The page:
Cingular, AT&T & Other Brand Corpses
Ever since the Caretaker Managers inherited their jobs, they've been at odds with how to perform their duties. C-level executives are given fat paychecks to manage their brands, but have no skills, tools or knowledge with what their brands actually are. There is no thought given to nurturing or sustaining the brand. How could there be?
If you don't know what branding is, how can you possibly grow it?
The result, for the most part, is a pattern of revolving door executives, each leaving their post in worse shape than their predecessor. And if you think I'm spouting off just for the sake of ranting, take a look at the latest rage in branding:
Exhuming brand corpses.
It's true. An entire generation of Caretaker Managers has proven so inept and managing their brands that, in a final act of desperation, they are exhuming the branding programs first established by their fathers decades ago. ConAgra, the owners of Orville Redenbacher Popcorn, can't find any more productive tactic than digitally inserting new words into their long-dead company's namesake to pitch his wares from the grave.
Clairol couldn't come up with any new brand, so they exhumed Herbal Essence, once the queen of all hippie hair care products. Not because baby boomers are still hippies, but because baby boomers still remember the brand. Today's Herbal Essence shampoo retains little, if anything, from its hippie glory days. But because Clairol's branding abilities are so sub-standard, digging up old ghosts is as close as they can come to generating success.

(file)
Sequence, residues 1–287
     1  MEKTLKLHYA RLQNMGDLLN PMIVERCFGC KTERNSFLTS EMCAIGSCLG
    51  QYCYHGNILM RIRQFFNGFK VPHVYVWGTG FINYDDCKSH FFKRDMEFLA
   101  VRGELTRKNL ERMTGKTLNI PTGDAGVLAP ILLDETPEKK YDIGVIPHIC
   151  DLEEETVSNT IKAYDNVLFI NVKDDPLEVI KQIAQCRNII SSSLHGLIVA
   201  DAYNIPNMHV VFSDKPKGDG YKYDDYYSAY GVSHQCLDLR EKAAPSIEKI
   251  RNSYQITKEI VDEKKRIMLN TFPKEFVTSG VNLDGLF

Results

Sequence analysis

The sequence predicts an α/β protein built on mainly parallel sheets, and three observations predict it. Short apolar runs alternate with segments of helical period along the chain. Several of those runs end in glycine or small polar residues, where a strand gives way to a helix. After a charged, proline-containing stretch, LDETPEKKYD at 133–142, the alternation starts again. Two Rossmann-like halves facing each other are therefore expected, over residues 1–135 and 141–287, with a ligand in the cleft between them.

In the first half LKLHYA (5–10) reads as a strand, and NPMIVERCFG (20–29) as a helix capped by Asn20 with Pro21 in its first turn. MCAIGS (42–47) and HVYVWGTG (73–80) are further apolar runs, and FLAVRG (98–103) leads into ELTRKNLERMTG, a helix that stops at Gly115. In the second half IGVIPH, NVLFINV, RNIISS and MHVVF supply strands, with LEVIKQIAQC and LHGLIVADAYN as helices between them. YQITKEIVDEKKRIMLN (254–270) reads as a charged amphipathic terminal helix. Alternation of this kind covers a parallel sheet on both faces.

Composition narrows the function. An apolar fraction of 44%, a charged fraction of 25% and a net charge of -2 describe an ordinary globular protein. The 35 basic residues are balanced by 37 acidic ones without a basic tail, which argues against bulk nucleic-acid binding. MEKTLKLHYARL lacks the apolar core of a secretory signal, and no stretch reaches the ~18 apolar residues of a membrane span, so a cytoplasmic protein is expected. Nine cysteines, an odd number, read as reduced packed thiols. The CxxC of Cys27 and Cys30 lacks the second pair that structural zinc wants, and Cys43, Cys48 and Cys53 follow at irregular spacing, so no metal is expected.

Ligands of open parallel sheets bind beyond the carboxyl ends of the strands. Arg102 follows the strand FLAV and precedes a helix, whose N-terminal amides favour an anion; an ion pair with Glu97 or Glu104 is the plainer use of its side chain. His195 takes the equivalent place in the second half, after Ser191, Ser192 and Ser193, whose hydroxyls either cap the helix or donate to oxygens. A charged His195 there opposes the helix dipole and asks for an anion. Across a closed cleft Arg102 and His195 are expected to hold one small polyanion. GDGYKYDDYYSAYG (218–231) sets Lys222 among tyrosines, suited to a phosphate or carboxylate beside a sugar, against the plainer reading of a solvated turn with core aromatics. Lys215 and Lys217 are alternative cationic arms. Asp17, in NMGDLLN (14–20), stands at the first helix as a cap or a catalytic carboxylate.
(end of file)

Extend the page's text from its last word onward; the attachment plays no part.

But it gets worse. AT&T is folding Cingular into its AT&T brand. Why? A few reasons that come to mind:
1. The Caretaker Managers at Cingular have proven themselves unable to build a brand in the telecom space. That's no big deal. The sector has a huge churn rate precisely because nobody in that space can tell you why their brand is "the only solution." So despite the zillions of dollars burned in attempting to create and sustain a brand, Cingular is throwing in the towel.
2. Further proof is that AT&T is a long-standing brand that was built in the days when people knew how and why they were building brands. In fact, their work was so strong, that like our popcorn and shampoo friends, their management sons and daughters could never equal their parents' work. AT&T stood as a monolith on the American landscape for decades, but in its later days, become known more for its price gouging and sloth than anything else. It became a laughing stock, the lumbering, unresponsive oaf that rested on its laurels while it overcharged its customers. Yet for all that, AT&T was always known for its reliability and stability. The brand still resonates strongly with baby boomers, who probably make the buying decisions for their kids, who grew up with Cingular.
3. Speaking of money, don't forget that despite the above, AT&T has never fallen out of the 30 Dow Industrial Components. Kodak has, but AT&T hasn't. Baby boomers know and remember AT&T because their fathers knew and remembered AT&T. There's just one difference:
Baby boomers have lots of pension money and nowhere to go with it. Which means AT&T's move on SBC and now Cingular is a branding story at its very best: folding weaker brands into a publicly traded, stronger brand can't exactly hurt the attractiveness of a stock's brand.
Overall, it's a sad story on the state of branding in corporate America. There doesn't seem to be anyone out there capable of creating and sustaining a brand, increasing its customers' loyalty and increasing its profitability.
Oh, wait, sure there is. He's a branding expert in Los Angeles. What was his name again?